I've been researching git deployment flows and have seen many post-receive hooks that will check out master. Few of them however detail how you might set up a beta server that could be running any arbitrary commit ref.

My first thought was that you could set up a branch per environment and then push it. But I'm wondering if that has any inherent limitations, especially if someone wants to test a beta with "slightly behind" code.

After that, I figured a tag might be nice because then you can tag any reference anywhere in the repository and whatever it's set to is what gets checked out by the beta. The only drawbacks there would be that I could see the repository getting polluted with deployment information.

So, specific questions are:

  • Is there a body of information in my repository with better semantics that I can use in lieu of just hard-coding beta/staging/live environment information in tags/branches?
  • Should I be using branches or tags to do any of this?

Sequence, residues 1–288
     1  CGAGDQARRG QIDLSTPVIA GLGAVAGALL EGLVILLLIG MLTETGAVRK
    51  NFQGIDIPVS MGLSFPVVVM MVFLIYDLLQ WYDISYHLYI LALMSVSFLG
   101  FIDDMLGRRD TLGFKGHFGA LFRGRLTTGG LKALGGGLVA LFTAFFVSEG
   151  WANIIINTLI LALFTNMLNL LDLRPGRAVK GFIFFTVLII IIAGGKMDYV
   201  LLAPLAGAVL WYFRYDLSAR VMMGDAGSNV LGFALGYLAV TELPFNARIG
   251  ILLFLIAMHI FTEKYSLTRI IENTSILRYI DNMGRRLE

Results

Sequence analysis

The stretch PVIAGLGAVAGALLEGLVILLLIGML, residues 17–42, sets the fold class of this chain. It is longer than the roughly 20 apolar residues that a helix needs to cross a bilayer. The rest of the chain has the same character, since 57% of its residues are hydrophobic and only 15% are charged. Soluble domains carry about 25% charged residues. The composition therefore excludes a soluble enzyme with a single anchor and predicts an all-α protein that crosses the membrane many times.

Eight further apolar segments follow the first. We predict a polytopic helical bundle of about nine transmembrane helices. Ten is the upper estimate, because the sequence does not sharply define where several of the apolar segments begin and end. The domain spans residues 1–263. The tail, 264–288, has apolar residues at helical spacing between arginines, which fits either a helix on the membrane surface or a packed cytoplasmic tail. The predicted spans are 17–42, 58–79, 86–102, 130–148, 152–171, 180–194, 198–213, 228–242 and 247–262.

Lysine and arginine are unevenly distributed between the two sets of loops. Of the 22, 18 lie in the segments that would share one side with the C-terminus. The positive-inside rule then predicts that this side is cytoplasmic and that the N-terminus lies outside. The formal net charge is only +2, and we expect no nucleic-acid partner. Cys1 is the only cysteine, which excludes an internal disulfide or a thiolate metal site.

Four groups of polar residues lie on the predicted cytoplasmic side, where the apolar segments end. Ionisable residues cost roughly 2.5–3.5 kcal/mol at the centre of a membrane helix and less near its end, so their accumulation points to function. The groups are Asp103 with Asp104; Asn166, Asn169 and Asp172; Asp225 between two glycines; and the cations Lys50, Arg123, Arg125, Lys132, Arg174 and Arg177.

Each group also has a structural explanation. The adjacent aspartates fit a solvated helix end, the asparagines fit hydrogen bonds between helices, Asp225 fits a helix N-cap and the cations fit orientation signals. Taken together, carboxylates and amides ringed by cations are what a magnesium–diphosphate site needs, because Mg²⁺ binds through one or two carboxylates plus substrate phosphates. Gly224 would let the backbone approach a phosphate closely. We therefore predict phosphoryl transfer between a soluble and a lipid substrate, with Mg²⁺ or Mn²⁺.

• Will I need one bare repository per environment so that each one can have a different post-commit hook?

1 Answer 1


Some facts:

  • Git is a source control management system, not a deployment tool or configuration management tool
  • There are many stable deployment tools out there: TAR, RPM, Fabric, etc.
  • Ditto for configuration management tools: Puppet, Chef
  • Released history is immutable (the alternative is just crazy)
  • A product is in beta for several commits


  • Branches/tags used for ephemeral configuration either have to be deleted (making history mutable) or use a custom naming scheme (cluttering up the history) to avoid collisions when for example a new revision becomes the active beta
  • With so much custom semantics you will require a lot of custom code to release this
  • That all being said, there are still quite a few examples of people using git in the way that I describe for deployment. By no means a long term strategy for me, but something just to hold us over until we can dedicate the time to getting up and running with continuous integration. Dec 1, 2014 at 13:11
  • The problem with that is that as a short term strategy it tends to end up building massive amounts of technical debt, which gets harder and harder to pay off the longer you wait.
    – l0b0
    Dec 1, 2014 at 18:55
  • Totally agree and my question is part of a larger plan to get CI in place. Dec 1, 2014 at 21:45

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